Mario Balotelli can make difference for Italy predicts Thiago Motta

 

Italy midfielder Thiago Motta believes Mario Balotelli will be an influential figure for the Azzurri at Euro 2012.

Paris St Germain midfielder Motta knows just what to expect from Balotelli - the pair were Inter Milan team-mates in the 2009/10 season - and reckons the volatile Manchester City striker could have a big role to play in Poland and Ukraine.

"We need Balotelli to work for the team, and to show responsibility," Motta said as Cesare Prandelli's squad continued preparations in Krakow for their opening match of the tournament against defending champions Spain on Sunday.

"Only like that can he make the difference, and I'm sure he will. He must help us, especially on the pitch because, off it, he can be the same as always.

"Balotelli makes me just as angry now with his jokes as he did when he was at Inter. But away from the pitch he is a good lad."

Motta, meanwhile, accepts the Italy squad need to regroup, having endured a difficult time recently.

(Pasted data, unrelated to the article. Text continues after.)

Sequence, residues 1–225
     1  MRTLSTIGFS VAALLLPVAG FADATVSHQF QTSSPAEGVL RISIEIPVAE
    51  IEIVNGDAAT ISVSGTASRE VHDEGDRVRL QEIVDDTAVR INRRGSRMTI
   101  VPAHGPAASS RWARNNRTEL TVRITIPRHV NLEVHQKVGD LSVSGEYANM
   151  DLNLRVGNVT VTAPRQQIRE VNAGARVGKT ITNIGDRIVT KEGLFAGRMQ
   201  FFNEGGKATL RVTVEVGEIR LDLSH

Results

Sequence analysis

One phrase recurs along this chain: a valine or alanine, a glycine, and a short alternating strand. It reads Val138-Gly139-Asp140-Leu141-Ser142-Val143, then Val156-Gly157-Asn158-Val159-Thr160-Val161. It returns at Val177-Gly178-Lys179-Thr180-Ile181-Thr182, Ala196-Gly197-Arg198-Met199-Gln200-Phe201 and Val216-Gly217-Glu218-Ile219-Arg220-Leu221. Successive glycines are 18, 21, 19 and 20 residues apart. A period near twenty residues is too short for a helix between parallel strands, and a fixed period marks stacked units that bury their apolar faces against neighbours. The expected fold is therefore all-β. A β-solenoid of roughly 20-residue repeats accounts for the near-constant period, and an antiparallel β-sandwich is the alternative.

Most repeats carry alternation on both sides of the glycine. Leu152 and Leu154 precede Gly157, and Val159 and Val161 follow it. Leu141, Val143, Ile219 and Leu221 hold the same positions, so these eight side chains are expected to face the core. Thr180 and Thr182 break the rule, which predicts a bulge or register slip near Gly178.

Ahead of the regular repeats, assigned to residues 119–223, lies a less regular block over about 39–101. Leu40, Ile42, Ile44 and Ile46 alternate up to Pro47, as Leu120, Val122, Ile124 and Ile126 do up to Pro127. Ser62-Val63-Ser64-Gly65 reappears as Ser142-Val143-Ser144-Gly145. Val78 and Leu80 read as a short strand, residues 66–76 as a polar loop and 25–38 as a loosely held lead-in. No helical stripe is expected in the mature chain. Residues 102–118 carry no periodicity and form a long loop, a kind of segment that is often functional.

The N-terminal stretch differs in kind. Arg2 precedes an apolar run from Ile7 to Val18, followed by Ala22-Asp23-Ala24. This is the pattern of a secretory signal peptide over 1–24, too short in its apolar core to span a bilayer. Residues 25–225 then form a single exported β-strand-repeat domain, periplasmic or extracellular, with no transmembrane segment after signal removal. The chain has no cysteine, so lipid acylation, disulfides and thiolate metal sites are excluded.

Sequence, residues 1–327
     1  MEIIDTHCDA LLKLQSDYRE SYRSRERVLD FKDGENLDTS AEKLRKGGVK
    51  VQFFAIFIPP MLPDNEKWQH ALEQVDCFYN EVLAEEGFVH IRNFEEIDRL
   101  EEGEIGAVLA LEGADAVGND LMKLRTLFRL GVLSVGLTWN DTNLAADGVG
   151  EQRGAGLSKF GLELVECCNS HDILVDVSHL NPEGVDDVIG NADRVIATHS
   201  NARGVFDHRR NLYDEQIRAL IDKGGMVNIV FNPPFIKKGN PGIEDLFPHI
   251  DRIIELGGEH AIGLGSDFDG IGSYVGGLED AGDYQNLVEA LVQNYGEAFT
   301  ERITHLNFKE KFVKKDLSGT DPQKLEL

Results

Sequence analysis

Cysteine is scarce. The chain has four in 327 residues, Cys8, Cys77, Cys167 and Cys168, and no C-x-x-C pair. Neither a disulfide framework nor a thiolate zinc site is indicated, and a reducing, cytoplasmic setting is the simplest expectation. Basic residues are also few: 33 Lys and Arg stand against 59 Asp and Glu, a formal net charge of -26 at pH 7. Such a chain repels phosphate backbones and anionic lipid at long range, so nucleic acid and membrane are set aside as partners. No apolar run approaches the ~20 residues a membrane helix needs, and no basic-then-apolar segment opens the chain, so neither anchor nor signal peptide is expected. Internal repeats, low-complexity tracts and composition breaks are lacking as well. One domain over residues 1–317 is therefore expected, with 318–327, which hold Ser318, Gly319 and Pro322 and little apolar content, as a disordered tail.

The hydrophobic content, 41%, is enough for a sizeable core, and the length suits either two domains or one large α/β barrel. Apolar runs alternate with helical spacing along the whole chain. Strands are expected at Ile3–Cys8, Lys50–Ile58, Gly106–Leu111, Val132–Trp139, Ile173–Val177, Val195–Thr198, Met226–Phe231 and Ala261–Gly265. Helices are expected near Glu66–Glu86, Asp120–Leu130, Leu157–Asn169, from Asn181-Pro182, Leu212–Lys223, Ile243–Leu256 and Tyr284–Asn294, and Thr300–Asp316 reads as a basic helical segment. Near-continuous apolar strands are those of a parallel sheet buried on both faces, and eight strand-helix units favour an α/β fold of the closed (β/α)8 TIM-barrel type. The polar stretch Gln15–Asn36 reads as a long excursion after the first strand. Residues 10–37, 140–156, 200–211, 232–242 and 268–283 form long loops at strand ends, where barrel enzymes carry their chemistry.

A match-fixing scandal disrupted their build-up, with Prandelli forced to drop Zenit St Petersburg defender Domenico Criscito from the squad as he is under investigation.

Moreover, last week's friendly against Luxembourg in Parma was cancelled because of an earthquake in northern Italy.

Last Friday's 3-0 defeat to Russia - Italy's last test ahead of the Euros- was the Azzurri's third straight friendly loss.

"It's normal that after three straight defeats you are worried," Motta said. "But the mentality of the team will be crucial.

"We need to help each other out and be generous. It is important to have the will and the mentality to win. We have quality players that can play in any team in the world. If we are able to play as a group, we can fight against anyone."